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TZFILE(5)                 FreeBSD File Formats Manual                TZFILE(5)

NAME
     tzfile - timezone information

SYNOPSIS
     #include "/usr/src/lib/libc/stdtime/tzfile.h"

DESCRIPTION
     The time zone information files used by tzset(3) begin with the magic
     characters ``TZif'' to identify them as time zone information files,
     followed by a character identifying the version of the file's format (as
     of 2005, either an ASCII NUL or a '2') followed by fifteen bytes
     containing zeroes reserved for future use, followed by four four-byte
     values written in a ``standard'' byte order (the high-order byte of the
     value is written first).  These values are, in order:

     tzh_ttisgmtcnt  The number of UTC/local indicators stored in the file.
     tzh_ttisstdcnt  The number of standard/wall indicators stored in the
                     file.
     tzh_leapcnt     The number of leap seconds for which data is stored in
                     the file.
     tzh_timecnt     The number of ``transition times'' for which data is
                     stored in the file.
     tzh_typecnt     The number of ``local time types'' for which data is
                     stored in the file (must not be zero).
     tzh_charcnt     The number of characters of ``time zone abbreviation
                     strings'' stored in the file.

     The above header is followed by tzh_timecnt four-byte values of type
     long, sorted in ascending order.  These values are written in
     ``standard'' byte order.  Each is used as a transition time (as returned
     by time(3)) at which the rules for computing local time change.  Next
     come tzh_timecnt one-byte values of type unsigned char; each one tells
     which of the different types of ``local time'' types described in the
     file is associated with the same-indexed transition time.  These values
     serve as indices into an array of ttinfo structures (with tzh_typecnt
     entries) that appears next in the file; these structures are defined as
     follows:

           struct ttinfo {
                   long    tt_gmtoff;
                   int     tt_isdst;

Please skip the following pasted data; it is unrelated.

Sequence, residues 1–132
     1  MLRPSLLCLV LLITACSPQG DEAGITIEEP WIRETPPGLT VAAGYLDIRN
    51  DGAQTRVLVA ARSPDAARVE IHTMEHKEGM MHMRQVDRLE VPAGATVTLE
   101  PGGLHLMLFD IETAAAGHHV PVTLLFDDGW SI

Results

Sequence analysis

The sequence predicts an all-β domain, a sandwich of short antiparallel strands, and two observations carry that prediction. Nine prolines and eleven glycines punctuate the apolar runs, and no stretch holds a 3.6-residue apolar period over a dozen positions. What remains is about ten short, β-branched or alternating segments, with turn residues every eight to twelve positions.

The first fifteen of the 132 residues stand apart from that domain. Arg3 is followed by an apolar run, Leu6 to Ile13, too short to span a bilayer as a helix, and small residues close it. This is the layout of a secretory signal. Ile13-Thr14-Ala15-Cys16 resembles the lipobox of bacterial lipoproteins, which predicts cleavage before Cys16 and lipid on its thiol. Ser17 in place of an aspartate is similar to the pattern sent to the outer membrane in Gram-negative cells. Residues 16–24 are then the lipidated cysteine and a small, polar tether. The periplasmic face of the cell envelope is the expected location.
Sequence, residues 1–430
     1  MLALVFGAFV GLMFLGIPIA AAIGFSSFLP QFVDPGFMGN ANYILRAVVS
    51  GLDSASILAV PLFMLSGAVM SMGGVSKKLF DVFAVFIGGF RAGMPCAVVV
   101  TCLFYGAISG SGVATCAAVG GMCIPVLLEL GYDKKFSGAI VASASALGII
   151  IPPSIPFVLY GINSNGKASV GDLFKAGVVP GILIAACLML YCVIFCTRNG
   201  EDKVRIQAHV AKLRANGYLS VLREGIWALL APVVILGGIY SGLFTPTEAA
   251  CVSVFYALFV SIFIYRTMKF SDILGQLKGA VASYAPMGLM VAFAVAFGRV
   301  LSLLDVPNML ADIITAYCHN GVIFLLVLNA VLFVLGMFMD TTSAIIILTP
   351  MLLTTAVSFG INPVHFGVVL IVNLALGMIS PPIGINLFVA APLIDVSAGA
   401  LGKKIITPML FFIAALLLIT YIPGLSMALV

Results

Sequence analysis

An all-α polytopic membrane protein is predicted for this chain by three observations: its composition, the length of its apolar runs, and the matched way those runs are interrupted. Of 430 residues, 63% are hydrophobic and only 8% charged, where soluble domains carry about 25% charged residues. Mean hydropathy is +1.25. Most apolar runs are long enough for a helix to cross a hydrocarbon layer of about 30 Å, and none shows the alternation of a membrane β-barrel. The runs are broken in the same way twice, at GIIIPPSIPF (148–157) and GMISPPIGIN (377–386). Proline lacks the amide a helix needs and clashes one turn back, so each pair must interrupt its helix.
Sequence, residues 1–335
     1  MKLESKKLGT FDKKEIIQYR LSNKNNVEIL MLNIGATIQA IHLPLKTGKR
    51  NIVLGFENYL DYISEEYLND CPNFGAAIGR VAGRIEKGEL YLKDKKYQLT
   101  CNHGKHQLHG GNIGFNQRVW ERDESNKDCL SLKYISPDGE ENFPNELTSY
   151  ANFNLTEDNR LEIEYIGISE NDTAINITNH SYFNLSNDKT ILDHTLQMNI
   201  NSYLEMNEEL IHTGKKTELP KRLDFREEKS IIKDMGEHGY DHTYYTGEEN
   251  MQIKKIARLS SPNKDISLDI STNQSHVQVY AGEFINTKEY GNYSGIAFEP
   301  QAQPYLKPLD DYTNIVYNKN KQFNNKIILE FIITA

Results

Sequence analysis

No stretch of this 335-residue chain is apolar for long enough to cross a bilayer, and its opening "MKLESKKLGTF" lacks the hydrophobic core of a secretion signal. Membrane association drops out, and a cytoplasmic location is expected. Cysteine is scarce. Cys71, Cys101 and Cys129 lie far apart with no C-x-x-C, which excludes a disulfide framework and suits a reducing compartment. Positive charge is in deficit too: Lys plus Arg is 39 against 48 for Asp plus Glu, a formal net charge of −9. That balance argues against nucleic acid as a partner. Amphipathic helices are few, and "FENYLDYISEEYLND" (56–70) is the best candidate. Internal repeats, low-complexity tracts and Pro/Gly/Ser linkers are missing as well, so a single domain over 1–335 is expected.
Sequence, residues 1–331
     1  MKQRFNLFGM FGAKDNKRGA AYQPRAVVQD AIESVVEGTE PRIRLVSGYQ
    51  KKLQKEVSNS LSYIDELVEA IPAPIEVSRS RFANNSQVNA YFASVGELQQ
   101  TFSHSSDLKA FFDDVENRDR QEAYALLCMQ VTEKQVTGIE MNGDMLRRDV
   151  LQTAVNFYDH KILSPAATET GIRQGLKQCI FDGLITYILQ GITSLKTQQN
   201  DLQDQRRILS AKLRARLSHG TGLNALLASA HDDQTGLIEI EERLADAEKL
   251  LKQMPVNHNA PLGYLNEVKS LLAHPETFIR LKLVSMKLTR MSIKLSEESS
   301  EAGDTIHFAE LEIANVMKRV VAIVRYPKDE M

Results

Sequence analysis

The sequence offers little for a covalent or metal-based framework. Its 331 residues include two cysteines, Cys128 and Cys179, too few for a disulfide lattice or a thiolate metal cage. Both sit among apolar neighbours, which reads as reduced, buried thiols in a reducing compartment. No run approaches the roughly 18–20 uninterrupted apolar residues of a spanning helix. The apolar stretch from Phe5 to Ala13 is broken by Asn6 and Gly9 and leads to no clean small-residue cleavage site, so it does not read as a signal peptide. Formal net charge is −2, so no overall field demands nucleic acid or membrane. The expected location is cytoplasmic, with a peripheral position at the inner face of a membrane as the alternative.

unsigned int    tt_abbrind;
           };

     Each structure is written as a four-byte value for tt_gmtoff of type
     long, in a standard byte order, followed by a one-byte value for tt_isdst
     and a one-byte value for tt_abbrind.  In each structure, tt_gmtoff gives
     the number of seconds to be added to UTC, tt_isdst tells whether tm_isdst
     should be set by localtime(3) and tt_abbrind serves as an index into the
     array of time zone abbreviation characters that follow the ttinfo
     structure(s) in the file.

     Then there are tzh_leapcnt pairs of four-byte values, written in standard
     byte order; the first value of each pair gives the time (as returned by
     time(3)) at which a leap second occurs; the second gives the total number
     of leap seconds to be applied after the given time.  The pairs of values
     are sorted in ascending order by time.

     Then there are tzh_ttisstdcnt standard/wall indicators, each stored as a
     one-byte value; they tell whether the transition times associated with
     local time types were specified as standard time or wall clock time, and
     are used when a time zone file is used in handling POSIX-style time zone
     environment variables.

     Finally there are tzh_ttisgmtcnt UTC/local indicators, each stored as a
     one-byte value; they tell whether the transition times associated with
     local time types were specified as UTC or local time, and are used when a
     time zone file is used in handling POSIX-style time zone environment
     variables.

     localtime uses the first standard-time ttinfo structure in the file (or
     simply the first ttinfo structure in the absence of a standard-time
     structure) if either tzh_timecnt is zero or the time argument is less
     than the first transition time recorded in the file.

     For version-2-format time zone files, the above header and data is
     followed by a second header and data, identical in format except that
     eight bytes are used for each transition time or leap second time.  After
     the second header and data comes a newline-enclosed, POSIX-TZ-
     environment-variable-style string for use in handling instants after the
     last transition time stored in the file (with nothing between the
     newlines if there is no POSIX representation for such instants).

SEE ALSO
     ctime(3), time2posix(3), zic(8)

FreeBSD 11.0-PRERELEASE       September 13, 1994       FreeBSD 11.0-PRERELEASE

NAME | SYNOPSIS | DESCRIPTION | SEE ALSO

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